March 9, 2009

The Sound of Strings

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On Sunday afternoon, the iO String Quartet — a New York City-based ensemble whose self-proclaimed interest is in “finding a common aesthetic vision between the works of the past and the works of today” — played to a near-capacity crowd in Barnes Hall, following their week-long residency here at Cornell. The iO Quartet was formed in 2005, and is comprised of four enterprising musicians with degrees from prestigious music schools — Christina McGann, violin, Stephen Miahky, violin, Elizabeth Weisser, viola and Christopher Gross, cello. Since its inception, the group has played around the world, presided as the 2006-08 Billy Joel Graduate String Quartet in Residence at SUNY Purchase, won several awards and undertaken the “iO: inside Out Chamber Music” concert series.
The concert Sunday was enthusiastically received by the audience, and with good reason — the performance can only be described as excellent. All four members of the quartet are fantastic musicians and their rapport with each other is impressive, making for a great balance of sound. More than just staying together, each member felt the mood of the music and the tone of the other players — they were intense together, they were fluid together, they were sad and beautiful and joyous and just about everything you can be, together. One of the group’s greatest strengths actually lay in the most complicated and intense sections: the faster they played and the louder and more intense they got, the more you recognized and admired their skill (and their ability to sound like way more than just four musicians).
I think my favorite moment of the performance was actually the first movement of the first piece, Quartet No. 11 in F Minor, from opus 95, by Ludwig van Beethoven. I liked this movement not because it was any better played than the rest of the performance, but simply because it was memorable for me. I don’t know what I had expected going into the concert, but it was definitely not such intensity and vivacity.
The movement had both slow, lamenting moments and quick, chaotic ones, and was at times sinister and sorrowful while leaping and hopeful at others. The back and forth between the viola and the second violin and between the cello and the first violin brought to mind the idea of a battle. I tend to make notes in my program when at concerts, and I will admit, the first thing I have written next to this movement is “omg.” (Please note: I detest the use of AIM-speak).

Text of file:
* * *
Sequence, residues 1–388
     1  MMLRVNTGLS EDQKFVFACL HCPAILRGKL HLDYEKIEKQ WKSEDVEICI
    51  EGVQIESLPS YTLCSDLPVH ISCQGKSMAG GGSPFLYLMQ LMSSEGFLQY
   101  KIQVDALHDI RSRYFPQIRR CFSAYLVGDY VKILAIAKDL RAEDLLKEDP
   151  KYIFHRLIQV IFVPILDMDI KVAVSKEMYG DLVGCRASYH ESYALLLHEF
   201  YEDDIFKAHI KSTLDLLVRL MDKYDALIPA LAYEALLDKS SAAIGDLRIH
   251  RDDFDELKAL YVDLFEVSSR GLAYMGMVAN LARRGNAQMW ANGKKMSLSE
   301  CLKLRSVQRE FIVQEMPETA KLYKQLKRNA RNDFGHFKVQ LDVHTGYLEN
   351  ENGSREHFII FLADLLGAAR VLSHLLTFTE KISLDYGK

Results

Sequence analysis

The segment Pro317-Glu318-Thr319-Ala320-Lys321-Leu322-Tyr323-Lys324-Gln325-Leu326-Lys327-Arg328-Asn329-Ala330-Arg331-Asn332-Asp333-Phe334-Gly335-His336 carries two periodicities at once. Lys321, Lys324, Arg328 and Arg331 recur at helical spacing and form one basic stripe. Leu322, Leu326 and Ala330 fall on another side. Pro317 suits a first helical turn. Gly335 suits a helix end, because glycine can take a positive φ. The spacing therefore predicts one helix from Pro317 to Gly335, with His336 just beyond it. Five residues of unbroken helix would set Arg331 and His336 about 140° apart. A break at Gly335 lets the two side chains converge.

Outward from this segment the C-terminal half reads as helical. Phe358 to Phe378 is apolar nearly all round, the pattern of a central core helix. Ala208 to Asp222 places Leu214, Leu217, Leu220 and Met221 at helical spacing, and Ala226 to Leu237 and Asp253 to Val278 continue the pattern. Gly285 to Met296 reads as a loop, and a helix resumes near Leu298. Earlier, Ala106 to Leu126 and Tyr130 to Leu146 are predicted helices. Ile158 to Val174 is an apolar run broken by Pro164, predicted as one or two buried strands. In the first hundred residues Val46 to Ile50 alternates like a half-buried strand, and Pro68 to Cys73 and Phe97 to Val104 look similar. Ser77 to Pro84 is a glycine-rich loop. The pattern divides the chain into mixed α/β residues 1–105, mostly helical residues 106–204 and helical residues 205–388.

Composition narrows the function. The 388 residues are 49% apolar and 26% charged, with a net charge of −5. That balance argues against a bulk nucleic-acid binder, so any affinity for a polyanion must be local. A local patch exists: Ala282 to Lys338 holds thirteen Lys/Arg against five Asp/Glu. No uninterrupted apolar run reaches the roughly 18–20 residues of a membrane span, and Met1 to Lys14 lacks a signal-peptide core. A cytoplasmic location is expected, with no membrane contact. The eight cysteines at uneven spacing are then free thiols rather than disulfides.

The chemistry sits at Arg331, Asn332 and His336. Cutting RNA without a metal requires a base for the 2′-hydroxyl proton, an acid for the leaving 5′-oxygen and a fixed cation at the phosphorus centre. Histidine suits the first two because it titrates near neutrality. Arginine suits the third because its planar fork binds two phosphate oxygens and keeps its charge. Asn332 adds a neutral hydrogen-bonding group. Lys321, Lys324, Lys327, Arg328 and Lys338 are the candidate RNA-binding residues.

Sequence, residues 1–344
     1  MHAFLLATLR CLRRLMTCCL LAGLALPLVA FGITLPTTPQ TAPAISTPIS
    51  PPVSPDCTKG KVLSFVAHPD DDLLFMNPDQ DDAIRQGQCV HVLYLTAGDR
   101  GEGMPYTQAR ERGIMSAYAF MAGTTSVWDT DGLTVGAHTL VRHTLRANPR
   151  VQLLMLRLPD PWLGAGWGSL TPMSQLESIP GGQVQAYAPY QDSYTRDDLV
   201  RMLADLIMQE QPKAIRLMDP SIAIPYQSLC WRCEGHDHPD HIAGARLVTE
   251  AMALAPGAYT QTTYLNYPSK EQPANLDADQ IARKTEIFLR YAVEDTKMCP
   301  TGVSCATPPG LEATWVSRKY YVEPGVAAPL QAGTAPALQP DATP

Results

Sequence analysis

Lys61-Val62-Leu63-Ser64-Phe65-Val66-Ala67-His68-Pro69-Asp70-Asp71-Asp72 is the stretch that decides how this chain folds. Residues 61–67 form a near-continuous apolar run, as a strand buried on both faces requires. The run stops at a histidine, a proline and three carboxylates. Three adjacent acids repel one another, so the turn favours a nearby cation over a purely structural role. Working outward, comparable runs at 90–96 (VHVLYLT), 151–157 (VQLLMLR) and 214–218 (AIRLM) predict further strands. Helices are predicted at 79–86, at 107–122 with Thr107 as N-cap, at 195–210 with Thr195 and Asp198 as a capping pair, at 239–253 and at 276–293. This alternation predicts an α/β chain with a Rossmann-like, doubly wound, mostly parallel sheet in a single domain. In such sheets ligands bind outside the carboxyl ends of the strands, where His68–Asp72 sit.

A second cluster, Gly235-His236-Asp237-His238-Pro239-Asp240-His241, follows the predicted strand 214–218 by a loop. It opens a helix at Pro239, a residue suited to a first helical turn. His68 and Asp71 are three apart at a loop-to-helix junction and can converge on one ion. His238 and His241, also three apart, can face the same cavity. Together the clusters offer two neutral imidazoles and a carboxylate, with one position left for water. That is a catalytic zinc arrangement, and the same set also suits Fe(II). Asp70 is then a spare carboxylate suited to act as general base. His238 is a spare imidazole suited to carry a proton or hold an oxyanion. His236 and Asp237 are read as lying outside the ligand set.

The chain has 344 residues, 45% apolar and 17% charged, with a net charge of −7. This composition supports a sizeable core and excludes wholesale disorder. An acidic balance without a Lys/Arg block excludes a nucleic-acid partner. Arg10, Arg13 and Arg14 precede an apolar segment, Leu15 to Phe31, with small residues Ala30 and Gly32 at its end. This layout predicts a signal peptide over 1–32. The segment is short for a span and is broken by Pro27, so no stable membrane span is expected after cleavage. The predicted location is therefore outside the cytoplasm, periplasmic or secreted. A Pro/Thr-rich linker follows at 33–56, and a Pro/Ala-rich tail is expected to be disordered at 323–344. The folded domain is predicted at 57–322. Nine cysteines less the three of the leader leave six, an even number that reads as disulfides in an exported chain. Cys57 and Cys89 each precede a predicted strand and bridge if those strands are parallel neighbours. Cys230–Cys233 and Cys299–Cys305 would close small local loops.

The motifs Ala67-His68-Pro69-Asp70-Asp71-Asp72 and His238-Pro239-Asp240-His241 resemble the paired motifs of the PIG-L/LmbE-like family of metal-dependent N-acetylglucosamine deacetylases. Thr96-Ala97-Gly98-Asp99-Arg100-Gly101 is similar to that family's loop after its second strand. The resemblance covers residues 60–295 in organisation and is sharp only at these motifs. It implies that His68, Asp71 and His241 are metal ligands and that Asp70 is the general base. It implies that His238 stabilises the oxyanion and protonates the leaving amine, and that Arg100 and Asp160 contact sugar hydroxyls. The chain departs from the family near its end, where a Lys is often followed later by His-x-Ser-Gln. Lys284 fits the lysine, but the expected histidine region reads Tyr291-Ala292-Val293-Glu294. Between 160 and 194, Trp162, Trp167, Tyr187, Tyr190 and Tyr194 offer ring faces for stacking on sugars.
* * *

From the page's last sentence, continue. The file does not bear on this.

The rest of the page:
iO played two other selections on Sunday: Quartet in F Major by French composer Maurice Ravel and Piano Quintet in F Minor, from opus 34b, by Johannes Brahms, accompanied by Cornell pianist Miri Yampolsky. The Ravel was both a joyful and a technical piece, involving a lot of intricate, rhythmic string-plucking, especially from the cello, and a soaring melody, sometimes on viola, sometimes in unison. The melody, which held through all four movements while simultaneously undergoing constant change and modulation, was based on an ascending major scale, and at times felt reminiscent of both Spanish and Asian influences.
The final piece, the Brahms, began with the melody in the piano with the quartet accompanying, and morphed into a gentle and then a full-fledged battle between the pianist and the quartet, gaining in intensity throughout to become a rather astonishing display of the quartet’s ability. The balance with the piano was generally good, although not as completely on-point as the quartet itself — understandable since they probably only had a few days to rehearse together.
Overall, this was a fantastic concert. Granted, I didn’t see much of the modernity that iO looks to blend with the classic, unless you count the cellist’s highly spiky haircut, but, being a lover of classical genius, I wasn’t too upset. My hat is off and my hands are together for the iO String Quartet.